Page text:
Pocket 11, Smriti Van in Narela is 2 kms away from the Raja Harishchandra Hospital, a free healthcare facility that works under the aegis of the Delhi Government. The area has been an authorised colony for almost a decade and has about 5000-6000 households cramped on the 18 square metre resettlement plots. Making a colony ‘authorised’ is a very important thing: it allows residents living in these colonies to be able to register their property, get approvals for their building plans and sell or purchase property. It also means that the Municipal Corporation will cover the area for basic facilities including water and sanitation.
Such facilities are, however, some way off for Smriti Van. About half the homes don’t have toilets and are forced to use the MCD (public) toilets. The rents here are an indication of how ill-served the area is: you could get a room here for as low as Rs.1200 to Rs.1500.
The drainage system is extremely poor and unhygienic. Open sewers are right outside the doors of the homes. Choked with garbage, these drains are a perpetual public health problem. All the houses are provided with electricity by the NDPL but power fluctuations are common, especially in the Capital’s harsh summer. Many homes have installed water pumps, but without electricity, they don’t really serve any purpose.
Most of the families residing in this area are from Uttar Pradesh and Bihar, escaping an even worse kind of poverty in their home states. Illiteracy rates are high; most people work as casual labourers. Others run small roadside stalls, work in the nearby factories and sell home-made goods in the weekly bazaar.
There is an alarming increase in the rate of substance abuse among the youth of this community. Boys as young as 15 are found to be serious drug addicts. Residents report an increase in the number of thefts in the neighbourhood, many of them by young boys looking for ways to get money to buy drugs such as marijuana. “Nothing is being done to reprimand or rehabilitate the youth. The Police in this area are either indifferent or ignorant of the situation”, laments Shanu, the Training and Monitoring Officer for Magic Bus in Narela.
Magic Bus started its operation in this locality in January 2012. About 300 children attend the sessions every morning and evening, on Thursdays and Sundays. Of the 300 children, around 120 are girls. 30-32 kids are incorporated into one session under the leadership of Lokesh Kumar, the 22 year old Youth Mentor and 7 Community Youth Leaders. The Community Youth Leaders are volunteers from the same area (Narela) who are given 120 hours of training in becoming mentors and in using the sport for development curricula.
A nearby park was personally cleaned and evened out by the community before work started here. To encourage parents to send their daughters to the sessions, we took the help of teachers from two NGOs who had been working in the area. The teachers of Chetanalaya and Child Survival India convinced the parents about the credibility of Magic Bus and the benefits that girls can derive from attending the sessions.
Besides the Magic Bus sessions, off-the-field activities include a street play on health and hygiene and a rally on the importance of education. Sports tournaments have also been organised in football, handball and cricket in the past year. “Our experience shows that community sporting events are an excellent way to break barriers and expand the community’s trust and ownership in their children’s development,” says Shanu.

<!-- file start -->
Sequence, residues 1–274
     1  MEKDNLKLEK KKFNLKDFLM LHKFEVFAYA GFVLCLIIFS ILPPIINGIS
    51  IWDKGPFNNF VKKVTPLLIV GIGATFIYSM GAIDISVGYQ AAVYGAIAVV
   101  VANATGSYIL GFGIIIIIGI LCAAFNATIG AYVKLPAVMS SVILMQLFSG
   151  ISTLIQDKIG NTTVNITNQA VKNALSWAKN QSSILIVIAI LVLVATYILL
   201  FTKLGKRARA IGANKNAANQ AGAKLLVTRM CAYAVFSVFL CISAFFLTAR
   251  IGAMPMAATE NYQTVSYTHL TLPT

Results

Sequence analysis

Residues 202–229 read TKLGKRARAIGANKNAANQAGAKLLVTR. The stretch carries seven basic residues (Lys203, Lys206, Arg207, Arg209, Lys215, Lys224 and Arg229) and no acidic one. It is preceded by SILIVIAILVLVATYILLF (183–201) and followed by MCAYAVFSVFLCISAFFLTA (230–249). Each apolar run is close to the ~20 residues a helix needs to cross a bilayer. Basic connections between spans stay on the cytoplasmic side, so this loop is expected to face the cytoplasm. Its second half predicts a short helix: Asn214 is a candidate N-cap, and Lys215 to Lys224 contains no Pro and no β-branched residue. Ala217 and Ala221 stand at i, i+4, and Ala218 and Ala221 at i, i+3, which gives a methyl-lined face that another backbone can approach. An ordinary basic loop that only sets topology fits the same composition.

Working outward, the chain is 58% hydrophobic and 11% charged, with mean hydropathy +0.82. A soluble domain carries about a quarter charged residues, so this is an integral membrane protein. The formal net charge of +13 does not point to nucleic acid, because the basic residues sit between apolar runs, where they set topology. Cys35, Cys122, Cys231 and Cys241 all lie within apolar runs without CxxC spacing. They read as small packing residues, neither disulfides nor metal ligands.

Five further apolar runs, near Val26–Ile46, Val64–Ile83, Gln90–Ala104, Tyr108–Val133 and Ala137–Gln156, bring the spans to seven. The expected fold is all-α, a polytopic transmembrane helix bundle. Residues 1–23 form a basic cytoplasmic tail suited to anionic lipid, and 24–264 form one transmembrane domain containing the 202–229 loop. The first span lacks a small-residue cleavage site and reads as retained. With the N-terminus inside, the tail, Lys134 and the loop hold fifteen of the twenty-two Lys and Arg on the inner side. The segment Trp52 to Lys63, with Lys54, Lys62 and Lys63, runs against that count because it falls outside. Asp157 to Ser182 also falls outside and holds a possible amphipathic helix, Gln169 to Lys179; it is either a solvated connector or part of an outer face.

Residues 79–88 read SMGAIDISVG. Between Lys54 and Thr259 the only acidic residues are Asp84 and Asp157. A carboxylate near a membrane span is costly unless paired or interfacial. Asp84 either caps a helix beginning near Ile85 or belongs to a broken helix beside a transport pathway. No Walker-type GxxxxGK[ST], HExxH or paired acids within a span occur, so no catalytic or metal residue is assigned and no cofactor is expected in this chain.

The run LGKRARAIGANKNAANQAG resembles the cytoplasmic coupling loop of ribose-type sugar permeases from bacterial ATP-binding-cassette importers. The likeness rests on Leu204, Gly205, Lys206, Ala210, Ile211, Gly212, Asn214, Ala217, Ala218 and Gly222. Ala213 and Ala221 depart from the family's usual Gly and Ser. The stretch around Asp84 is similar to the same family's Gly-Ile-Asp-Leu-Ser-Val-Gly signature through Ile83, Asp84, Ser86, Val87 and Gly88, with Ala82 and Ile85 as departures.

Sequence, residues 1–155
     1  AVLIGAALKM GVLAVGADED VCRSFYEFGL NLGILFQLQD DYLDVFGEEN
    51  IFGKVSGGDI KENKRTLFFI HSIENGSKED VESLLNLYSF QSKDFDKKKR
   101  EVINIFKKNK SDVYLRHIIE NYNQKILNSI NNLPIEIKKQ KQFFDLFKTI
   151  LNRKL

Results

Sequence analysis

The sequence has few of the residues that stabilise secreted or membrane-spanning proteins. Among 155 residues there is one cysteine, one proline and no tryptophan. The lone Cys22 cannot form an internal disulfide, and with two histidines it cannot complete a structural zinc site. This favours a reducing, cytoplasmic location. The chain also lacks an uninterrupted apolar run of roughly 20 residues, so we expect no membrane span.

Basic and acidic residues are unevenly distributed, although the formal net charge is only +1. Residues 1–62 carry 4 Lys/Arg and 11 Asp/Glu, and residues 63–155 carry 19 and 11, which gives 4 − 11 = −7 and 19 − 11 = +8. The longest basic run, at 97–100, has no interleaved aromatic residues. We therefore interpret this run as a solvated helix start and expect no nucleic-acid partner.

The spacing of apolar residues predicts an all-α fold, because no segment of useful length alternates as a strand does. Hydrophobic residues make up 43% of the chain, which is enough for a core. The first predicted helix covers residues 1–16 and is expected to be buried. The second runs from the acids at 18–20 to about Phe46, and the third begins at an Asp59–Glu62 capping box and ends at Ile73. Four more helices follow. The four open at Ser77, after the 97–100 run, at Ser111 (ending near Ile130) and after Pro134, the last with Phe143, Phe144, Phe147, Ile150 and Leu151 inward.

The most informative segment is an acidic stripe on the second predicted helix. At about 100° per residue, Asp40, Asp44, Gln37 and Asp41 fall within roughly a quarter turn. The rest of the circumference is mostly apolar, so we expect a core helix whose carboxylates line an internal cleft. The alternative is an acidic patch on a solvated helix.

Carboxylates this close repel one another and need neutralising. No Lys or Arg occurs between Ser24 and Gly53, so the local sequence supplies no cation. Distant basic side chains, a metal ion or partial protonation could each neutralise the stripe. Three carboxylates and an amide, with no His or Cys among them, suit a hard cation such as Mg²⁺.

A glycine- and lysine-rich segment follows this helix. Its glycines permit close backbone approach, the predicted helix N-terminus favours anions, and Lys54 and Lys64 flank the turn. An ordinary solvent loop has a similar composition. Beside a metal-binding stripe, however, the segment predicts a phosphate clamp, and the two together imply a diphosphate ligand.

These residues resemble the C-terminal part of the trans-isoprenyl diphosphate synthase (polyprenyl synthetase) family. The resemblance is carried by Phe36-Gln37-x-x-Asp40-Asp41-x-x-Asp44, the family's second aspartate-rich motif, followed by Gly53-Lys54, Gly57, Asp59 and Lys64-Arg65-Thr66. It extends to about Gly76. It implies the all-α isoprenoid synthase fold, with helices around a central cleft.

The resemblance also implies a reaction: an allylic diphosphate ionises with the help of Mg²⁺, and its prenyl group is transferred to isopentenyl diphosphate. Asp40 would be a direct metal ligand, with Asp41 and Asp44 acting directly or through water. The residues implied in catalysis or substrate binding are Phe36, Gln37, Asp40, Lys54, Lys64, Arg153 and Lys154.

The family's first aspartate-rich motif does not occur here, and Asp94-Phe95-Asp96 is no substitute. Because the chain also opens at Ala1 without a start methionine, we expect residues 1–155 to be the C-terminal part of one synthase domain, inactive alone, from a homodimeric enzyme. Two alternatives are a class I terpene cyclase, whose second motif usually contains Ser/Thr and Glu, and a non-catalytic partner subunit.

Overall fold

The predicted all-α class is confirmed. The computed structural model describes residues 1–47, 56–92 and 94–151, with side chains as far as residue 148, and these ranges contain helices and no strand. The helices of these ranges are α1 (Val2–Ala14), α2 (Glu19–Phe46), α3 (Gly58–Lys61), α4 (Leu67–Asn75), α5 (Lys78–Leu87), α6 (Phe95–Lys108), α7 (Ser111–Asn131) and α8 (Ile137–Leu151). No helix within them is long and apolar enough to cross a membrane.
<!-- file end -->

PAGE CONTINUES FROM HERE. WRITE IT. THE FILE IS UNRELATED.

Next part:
The Community Youth Leaders were taken on an exposure trip to the India Gate, Raj Ghat, Children’s Park and the National Science Centre, a first for all of them. Exposure visits like these help the mentors to expand their understanding about the world they call home. Every month a Parents’ Meeting is also held, with a view to encourage parents to take an active interest in their children’s learning and growth.
14 years old Ravi comes from a family of 7 people. His father is casual labourer, while his mother is a homemaker.
Ravi was what his parents called a ‘problem child’. Magic Bus staff member Lokesh heard Ravi’s elder brother complaining about Ravi’s extreme bad behavior and abusiveness.
Although a regular at the Magic Bus sessions, Ravi would, many a times, not allow others to play. Lokesh worked with Ravi in a non-threatening manner, without any reprimand or judgement on his behavior. He was gradually given small, key responsibilities such as gathering the group together.
“If you ask me exactly when things started taking a turn for the better, I won’t be able to say,” says Lokesh. “but after so many months, we can clearly see that ravi’s destructive behavior patterns are a thing of the past. He even motivated a small group of children to clean the playground on their own. He is going to school regularly and shows every intention of growing out of the poverty he was born into.”
Vikas is a 15 year old boy who had got into drugs at the age of 14 because of peer pressure. Akash, his brother, who is a Community Youth Leader with Magic Bus, approached his own Magic Bus leader, Shanu, for help. Vikas was counselled and slowly encouraged to participate in the sessions. He was given gradually expanding responsibility such as gathering children together for the sessions to begin with, and constantly engaged in work to keep his mind away from drugs.
Today, Vikas is making a real effort to drop his Marijuana habit. With his brother’s help and that of his peers, he hopes to be addiction-free very soon.
About 300 children attend the sessions every morning and evening, on Thursdays and Sundays.
Magic Bus sessions here are divided into three parts:
• Warm up: The development goal is introduced using interactive activities
• Main activity: The development goal is reinforced using sports and activities
• Review: A discussion is facilitated to draw parallels to real-life situations and sum up the learning objectives